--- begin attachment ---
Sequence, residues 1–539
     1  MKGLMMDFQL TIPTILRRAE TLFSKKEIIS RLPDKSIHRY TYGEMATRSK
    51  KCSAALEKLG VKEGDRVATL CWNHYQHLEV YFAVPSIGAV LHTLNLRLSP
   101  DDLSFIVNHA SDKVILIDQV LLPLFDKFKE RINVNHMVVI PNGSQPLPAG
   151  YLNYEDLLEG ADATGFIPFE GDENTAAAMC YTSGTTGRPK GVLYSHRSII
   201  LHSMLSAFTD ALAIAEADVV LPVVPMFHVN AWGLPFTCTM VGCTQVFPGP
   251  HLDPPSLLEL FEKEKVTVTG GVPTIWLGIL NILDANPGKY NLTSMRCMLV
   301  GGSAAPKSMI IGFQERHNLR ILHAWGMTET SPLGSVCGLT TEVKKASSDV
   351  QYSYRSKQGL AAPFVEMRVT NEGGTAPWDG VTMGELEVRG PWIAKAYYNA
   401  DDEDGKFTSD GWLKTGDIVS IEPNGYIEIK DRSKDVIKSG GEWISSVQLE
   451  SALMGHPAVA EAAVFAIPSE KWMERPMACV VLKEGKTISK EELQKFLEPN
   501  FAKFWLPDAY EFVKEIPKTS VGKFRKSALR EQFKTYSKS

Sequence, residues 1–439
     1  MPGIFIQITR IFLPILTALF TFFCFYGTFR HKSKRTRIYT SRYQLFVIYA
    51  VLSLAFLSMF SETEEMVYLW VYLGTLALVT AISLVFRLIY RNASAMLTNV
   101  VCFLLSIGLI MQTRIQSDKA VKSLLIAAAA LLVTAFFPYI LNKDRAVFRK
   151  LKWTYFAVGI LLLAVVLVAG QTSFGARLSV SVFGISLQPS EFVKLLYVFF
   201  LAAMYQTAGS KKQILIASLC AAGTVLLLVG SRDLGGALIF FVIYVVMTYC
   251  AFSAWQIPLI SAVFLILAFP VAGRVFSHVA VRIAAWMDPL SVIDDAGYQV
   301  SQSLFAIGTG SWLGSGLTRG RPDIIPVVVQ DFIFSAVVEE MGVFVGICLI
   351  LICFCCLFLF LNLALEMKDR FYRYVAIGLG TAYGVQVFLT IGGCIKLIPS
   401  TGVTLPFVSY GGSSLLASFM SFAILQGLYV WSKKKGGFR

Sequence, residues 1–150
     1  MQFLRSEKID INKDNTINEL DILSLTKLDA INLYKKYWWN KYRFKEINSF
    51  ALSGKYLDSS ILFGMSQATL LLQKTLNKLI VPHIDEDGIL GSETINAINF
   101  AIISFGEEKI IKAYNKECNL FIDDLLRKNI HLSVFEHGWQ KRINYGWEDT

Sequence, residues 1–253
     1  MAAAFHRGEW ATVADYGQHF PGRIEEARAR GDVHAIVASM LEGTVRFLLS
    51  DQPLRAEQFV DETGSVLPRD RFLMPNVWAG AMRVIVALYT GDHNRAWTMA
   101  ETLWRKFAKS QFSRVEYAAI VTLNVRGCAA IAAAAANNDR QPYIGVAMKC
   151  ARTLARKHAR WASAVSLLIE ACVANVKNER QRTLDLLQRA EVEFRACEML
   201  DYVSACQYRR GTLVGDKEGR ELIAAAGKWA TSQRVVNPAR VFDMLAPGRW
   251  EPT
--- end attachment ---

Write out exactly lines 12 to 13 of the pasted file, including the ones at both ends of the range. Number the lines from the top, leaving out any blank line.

   501  FAKFWLPDAY EFVKEIPKTS VGKFRKSALR EQFKTYSKS

Sequence, residues 1–439